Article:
Review: Ed the Happy Clown by Chester Brown
August 7, 2012 § Leave a Comment
The 1980s were a crucial time for alternative comics, though that decade is often less celebrated than the underground movement of the ‘60s and ‘70s and the self-publishing revolution of the 1990s. During the ‘80s, alongside growing creative clusters in Seattle and New York City, there were also inventive pockets of energy brewing in Canada.
In Drawn and Quarterly’s collection of “Ed, the Happy Clown,” stories by Canadian cartoonist Chester Brown (whose recent autobiographical “Paying For It” was met with acclaim outside the comics world), a hint of that strange universe is provided. It’s one where the only way you knew outrageous and challenging comics existed was to go into the right store and blunder upon them. One of these titles was Brown’s “Yummy Fur,” which began life as a mini before being picked up by small Toronto publisher Vortex.
Brown’s graphic novel starts out as a seat-of-its-pants comedy formed by a fascination with the surrealist practice of creating spontaneously. The laughs are culled from more simple stories about Ed and various characters in sometimes gross situations — see the hilarious “The Man Who Couldn’t Stop” for the best example — that seem to be going nowhere, until they unexpectedly do.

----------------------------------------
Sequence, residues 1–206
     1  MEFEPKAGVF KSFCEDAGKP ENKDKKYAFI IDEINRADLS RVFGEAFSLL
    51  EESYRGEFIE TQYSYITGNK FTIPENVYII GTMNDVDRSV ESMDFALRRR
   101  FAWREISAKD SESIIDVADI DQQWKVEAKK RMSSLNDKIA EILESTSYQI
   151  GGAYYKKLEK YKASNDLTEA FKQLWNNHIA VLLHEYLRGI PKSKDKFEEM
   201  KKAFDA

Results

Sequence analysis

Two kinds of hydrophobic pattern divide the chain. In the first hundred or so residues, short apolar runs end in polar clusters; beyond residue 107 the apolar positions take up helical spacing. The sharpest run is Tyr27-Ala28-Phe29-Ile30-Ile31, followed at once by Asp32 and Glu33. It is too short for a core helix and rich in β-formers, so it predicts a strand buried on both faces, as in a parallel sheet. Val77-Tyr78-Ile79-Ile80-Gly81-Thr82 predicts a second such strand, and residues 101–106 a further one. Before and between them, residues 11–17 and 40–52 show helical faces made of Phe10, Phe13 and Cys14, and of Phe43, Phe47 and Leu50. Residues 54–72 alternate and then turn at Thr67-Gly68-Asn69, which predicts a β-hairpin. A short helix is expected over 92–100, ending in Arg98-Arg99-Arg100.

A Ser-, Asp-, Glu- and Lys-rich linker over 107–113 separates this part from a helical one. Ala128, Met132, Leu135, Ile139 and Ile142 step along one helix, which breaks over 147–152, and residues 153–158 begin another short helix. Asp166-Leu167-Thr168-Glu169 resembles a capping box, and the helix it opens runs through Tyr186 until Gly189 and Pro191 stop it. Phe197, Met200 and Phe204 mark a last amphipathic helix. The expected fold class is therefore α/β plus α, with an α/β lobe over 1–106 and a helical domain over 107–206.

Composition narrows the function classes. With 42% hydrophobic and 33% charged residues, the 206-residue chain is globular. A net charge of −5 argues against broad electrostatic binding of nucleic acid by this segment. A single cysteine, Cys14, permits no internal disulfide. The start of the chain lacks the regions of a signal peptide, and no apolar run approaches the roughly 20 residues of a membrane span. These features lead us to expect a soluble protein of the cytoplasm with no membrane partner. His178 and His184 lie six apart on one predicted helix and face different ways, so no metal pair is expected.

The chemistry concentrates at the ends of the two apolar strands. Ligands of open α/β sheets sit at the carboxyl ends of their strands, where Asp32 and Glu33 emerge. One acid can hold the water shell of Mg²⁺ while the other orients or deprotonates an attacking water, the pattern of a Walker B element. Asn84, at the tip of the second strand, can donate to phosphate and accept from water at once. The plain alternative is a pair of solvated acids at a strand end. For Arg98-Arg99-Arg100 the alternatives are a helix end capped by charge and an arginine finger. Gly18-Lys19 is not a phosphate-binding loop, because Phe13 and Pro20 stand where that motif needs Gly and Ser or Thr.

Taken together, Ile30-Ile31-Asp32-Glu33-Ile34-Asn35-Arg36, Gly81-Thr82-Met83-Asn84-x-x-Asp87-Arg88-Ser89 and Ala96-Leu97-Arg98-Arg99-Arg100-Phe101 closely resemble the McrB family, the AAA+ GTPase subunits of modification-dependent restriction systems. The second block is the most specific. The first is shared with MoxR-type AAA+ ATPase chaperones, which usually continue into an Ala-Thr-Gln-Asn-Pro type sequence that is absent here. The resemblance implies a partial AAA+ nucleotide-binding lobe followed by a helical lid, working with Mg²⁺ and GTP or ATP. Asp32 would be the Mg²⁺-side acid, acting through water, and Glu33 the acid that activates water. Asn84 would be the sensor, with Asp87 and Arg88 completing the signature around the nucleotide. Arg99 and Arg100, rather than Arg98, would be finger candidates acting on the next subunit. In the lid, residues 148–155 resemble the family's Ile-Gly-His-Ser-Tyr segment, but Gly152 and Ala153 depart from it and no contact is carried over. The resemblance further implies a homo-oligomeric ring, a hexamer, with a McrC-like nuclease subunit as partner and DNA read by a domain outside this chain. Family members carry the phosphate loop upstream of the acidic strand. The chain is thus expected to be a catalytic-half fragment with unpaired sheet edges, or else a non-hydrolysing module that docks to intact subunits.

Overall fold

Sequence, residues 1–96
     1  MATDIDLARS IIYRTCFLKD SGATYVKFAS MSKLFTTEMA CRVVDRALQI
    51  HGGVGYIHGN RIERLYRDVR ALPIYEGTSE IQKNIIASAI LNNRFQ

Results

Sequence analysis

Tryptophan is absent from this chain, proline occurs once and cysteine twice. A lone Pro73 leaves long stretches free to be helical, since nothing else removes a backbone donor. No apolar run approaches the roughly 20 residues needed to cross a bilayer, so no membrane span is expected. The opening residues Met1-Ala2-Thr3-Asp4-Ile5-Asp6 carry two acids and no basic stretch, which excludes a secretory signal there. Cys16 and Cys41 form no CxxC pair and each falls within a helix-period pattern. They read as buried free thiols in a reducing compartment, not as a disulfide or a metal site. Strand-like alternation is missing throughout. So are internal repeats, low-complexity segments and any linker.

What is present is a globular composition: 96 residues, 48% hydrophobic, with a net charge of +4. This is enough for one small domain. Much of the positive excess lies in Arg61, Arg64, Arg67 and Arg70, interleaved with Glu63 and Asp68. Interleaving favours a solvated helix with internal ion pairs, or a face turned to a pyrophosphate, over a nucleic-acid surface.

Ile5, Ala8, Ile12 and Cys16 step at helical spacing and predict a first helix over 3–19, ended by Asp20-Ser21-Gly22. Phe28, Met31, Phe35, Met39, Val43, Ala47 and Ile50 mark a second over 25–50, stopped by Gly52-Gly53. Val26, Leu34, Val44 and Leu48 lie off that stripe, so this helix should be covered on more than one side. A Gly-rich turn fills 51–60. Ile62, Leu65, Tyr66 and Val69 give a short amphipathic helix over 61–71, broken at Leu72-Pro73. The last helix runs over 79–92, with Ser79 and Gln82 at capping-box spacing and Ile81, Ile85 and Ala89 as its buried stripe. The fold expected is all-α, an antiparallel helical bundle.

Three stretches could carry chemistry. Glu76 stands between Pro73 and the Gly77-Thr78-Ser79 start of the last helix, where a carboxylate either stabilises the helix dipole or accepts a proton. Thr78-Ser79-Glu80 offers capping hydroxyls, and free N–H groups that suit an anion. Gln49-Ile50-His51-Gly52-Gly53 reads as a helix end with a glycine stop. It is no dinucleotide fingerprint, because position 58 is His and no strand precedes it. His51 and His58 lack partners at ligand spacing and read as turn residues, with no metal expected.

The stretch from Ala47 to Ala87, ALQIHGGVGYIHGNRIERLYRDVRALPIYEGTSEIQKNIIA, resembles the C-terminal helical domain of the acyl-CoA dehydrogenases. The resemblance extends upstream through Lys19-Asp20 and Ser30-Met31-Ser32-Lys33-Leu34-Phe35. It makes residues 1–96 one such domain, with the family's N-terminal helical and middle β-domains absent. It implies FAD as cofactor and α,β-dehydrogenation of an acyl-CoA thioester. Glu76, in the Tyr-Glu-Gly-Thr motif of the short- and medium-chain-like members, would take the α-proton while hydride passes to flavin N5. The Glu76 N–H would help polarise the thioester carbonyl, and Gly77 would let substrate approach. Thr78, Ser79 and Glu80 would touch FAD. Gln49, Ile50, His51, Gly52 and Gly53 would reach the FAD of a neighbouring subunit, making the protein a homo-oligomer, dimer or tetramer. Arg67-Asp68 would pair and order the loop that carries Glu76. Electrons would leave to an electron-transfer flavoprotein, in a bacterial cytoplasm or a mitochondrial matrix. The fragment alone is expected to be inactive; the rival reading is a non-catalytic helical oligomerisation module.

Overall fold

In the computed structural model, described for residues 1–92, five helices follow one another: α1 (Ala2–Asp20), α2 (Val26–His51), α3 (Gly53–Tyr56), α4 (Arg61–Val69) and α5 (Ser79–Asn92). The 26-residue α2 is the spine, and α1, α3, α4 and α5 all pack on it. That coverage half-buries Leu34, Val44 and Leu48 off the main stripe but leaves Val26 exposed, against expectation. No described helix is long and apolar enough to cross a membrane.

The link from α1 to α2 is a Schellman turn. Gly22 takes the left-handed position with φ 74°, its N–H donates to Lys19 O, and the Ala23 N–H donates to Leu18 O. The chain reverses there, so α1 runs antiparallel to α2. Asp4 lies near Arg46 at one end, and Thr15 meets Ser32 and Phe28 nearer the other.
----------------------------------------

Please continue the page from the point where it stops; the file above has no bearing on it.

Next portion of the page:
With Brown’s mind working overtime, connecting the dots that he had previously scattered, the disparate blossoms into a science-fantasy satire involving various dimensions, avenging vampires and Ed’s penis, now topped off with the head of Ronald Reagan — and it all makes hilarious sense.
Brown finishes the book with ample notes dissecting not only his creative reasoning in the work, but his personal life at the time. These build a fascinating portrait of what it was like to try and make it as a Canadian cartoonist in that decade, amidst various personal struggles.
It makes a beautiful counterpoint to sprawling cartoon of wicked irreverence, allowing this collection to work alternately as a much-recommended time piece as well as a tribute to the sort of craziness that comes out of us when we are young and on fire.